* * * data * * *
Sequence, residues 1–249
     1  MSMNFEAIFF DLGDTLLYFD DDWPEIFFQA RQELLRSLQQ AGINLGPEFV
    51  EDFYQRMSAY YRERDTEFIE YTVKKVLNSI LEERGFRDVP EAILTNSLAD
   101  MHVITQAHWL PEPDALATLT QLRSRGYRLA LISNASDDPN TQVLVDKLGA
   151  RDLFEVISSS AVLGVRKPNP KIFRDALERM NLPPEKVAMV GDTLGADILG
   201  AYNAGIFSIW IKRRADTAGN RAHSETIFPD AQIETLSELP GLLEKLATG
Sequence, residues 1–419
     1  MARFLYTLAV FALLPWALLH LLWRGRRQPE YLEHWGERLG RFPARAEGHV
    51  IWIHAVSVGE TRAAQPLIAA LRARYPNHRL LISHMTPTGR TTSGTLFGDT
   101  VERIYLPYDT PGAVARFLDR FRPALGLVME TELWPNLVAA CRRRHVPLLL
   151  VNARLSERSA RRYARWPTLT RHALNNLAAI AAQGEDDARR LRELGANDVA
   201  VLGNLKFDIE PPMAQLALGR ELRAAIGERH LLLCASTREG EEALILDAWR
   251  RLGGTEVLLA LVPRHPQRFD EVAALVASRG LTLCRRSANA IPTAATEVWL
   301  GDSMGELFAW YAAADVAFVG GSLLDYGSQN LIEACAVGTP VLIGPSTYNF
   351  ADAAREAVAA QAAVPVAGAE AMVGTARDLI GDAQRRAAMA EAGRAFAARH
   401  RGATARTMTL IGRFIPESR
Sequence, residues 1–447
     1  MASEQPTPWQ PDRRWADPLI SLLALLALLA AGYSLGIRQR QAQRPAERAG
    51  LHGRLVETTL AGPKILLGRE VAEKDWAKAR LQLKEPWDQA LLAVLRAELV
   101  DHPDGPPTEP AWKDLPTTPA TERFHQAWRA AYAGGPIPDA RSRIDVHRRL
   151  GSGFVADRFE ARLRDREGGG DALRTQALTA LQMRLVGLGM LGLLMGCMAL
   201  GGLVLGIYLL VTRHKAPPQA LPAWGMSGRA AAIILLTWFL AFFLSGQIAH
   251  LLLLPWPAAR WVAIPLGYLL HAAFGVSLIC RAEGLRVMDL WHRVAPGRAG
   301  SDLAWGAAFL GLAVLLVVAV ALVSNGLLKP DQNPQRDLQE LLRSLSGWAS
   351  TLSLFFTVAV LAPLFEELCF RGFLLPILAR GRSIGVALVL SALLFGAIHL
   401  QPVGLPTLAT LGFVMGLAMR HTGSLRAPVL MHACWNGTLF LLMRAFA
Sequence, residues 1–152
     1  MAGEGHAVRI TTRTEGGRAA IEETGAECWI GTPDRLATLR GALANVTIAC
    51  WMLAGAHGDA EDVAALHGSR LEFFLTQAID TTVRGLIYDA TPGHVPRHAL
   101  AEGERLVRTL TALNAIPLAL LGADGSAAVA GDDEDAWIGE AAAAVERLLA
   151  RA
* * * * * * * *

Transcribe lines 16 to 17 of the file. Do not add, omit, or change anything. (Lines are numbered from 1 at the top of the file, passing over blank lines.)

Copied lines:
   401  RGATARTMTL IGRFIPESR
Sequence, residues 1–447